Artificial Intelligence and Social Work


Social Work and related professions have the potential to experience rapid change and growth in the future as technology advances and the population changes. This is especially true with artificial intelligence.

Artificial Intelligence (AI) describes a range of technologies that allow machines or computers to make decisions that are normally made by human beings.

Emotional Support Technology

Perhaps the first attempt at emotional support using a computer was the ELIZA software created by Joseph Weizenbaum in 1964. Through pattern matching the software was able to respond with empathy statements and open-ended questions to keep the conversation going.

Modern options include XiaoIce (Zhao, et. al., 2018). As the authors describe,

The primary design goal of XiaoIce is to be an AI companion with which users form long-term, emotional connections. Being able to establish such long-term relationships with human users as an open-domain social chatbot distinguishes XiaoIce from not only early social chatbots but also other recently developed conversational AI personal assistants such as Apple Siri, Amazon Alexa, Google Assistant and Microsoft Cortana.

Another example includes Replika, which recently released its source code as open-source. As these technologies get more advanced they may play a more important role in our emotional support options for people who are struggling with loneliness.

Digital Psychotherapy

Digital psychotherapy options include online and electronic therapy options. One example is Electronic CBT for Insomnia (Espie, et. al., 2018) which was a rich-media web application that participants used to receive cognitive behavioral therapy via the internet, and Whiteside et. al. (2014) which studied the program Thrive:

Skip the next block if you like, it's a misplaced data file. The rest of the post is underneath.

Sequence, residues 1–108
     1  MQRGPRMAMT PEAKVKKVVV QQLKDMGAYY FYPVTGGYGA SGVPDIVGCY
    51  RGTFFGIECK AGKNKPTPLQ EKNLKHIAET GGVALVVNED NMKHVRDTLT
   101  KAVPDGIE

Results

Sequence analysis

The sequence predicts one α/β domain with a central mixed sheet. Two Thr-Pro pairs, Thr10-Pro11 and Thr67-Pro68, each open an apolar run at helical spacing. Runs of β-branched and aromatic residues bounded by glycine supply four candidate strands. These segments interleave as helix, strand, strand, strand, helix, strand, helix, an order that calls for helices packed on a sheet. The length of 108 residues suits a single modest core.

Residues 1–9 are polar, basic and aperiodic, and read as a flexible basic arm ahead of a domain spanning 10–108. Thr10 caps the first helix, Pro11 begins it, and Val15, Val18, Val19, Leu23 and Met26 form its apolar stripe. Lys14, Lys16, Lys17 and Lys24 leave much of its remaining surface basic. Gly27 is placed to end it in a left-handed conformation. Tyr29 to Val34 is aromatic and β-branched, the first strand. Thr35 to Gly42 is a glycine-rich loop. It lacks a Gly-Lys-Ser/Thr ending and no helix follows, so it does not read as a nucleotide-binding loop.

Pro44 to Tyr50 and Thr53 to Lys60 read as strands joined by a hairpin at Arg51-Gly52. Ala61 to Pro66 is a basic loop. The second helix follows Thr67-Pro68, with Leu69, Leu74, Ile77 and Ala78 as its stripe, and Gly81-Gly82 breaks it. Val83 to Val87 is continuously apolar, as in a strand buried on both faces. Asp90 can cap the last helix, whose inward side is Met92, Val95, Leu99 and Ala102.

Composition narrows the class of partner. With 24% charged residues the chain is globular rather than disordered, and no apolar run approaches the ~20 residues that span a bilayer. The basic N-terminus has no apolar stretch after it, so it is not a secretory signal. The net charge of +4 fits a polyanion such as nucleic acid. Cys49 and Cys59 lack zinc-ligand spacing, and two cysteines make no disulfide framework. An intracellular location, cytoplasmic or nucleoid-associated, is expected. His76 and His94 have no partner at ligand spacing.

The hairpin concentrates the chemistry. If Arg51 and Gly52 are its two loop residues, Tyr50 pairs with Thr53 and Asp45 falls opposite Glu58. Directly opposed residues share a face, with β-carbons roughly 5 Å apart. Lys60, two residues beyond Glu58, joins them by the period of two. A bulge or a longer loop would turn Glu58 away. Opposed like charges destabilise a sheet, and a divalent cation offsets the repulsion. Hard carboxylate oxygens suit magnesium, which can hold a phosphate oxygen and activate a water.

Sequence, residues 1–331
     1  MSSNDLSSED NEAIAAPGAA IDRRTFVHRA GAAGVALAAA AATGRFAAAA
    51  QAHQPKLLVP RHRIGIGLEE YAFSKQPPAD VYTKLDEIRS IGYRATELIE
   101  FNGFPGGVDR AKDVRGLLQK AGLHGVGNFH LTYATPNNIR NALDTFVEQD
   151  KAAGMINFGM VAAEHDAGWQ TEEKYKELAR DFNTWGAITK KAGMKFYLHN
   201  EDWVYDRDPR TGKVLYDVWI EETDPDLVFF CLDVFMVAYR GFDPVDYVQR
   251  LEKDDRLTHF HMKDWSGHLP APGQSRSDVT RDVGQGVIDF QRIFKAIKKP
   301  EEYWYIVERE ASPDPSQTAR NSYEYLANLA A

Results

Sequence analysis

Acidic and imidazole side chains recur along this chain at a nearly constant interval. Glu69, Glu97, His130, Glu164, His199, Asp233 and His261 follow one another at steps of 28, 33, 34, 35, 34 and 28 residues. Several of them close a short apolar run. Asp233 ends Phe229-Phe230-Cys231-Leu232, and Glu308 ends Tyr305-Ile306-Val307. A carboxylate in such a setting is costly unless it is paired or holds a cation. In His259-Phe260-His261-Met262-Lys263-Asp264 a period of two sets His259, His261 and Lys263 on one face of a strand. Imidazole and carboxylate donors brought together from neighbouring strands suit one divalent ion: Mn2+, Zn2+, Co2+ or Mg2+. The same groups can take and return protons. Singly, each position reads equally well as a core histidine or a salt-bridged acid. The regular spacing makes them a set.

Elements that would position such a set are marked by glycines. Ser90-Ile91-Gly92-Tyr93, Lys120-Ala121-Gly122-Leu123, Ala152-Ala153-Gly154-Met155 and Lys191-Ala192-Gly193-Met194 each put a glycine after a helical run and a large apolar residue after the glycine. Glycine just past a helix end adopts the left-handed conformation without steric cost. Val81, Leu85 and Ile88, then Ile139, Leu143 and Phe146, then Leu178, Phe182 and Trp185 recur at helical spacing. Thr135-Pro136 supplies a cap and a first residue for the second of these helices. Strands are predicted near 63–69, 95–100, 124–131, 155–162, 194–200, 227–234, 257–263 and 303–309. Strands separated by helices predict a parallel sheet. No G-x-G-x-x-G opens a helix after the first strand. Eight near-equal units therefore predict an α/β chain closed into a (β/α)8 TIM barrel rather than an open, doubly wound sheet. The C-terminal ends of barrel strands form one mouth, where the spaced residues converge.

Thrive is similar to programs used in successful trials of Internet-delivered CBT; the Thrive interface is interactive and its curriculum is adaptive to patient input. […] Thrive includes three CBT-based modules that are based on behavioral activation, cognitive restructuring, and social skills training techniques

While these programs are currently not utilizing much artificial intelligence, in the future we may see them adapting to the client’s progress and altering the curriculum in ways that will increase efficacy or completion rates.

As CBT programs become more researched and advance we should see more of these appearing. As Whiteside notes, these programs are significantly cheaper to deliver (using a fully automated or a paraprofessional “coach” model rather than delivering full therapy) and so may represent an increasingly common option for therapists.

Decision-Making Tools

Decision-making tools are potentially the most exciting use of technology and artificial intelligence. An example of where this technology has been helpful is in child protection work in England. (Pegg & McIntyre, 2018)

We may see AI being used in the future to help us integrate the hundreds of variables found in child protection assessments and files to increase our success rates and improve risk assessments. Certainly, we can’t replace humans in this incredibly careful work (just like in suicide risk assessment) but we can use these tools to augment our understanding of child protection and decrease the lag between learning things in research and applying them in practice.


Artificial intelligence has the potential to improve our lives by providing more emotional support to those who are lonely, providing digital psychotherapy and decision-support tools to improve child protection and other social work fields.


Espie, C.A., Kyle, S.D., Williams, C., Ong, J.C., Douglas, N.J., Hames, P., Brown, J.S.L. (2012) JAMA Psychiatry. Retrieved from

Pegg, D. & McIntyre, N. (2018) Child abuse algorithms: from science fiction to cost-cutting reality. Retrieved from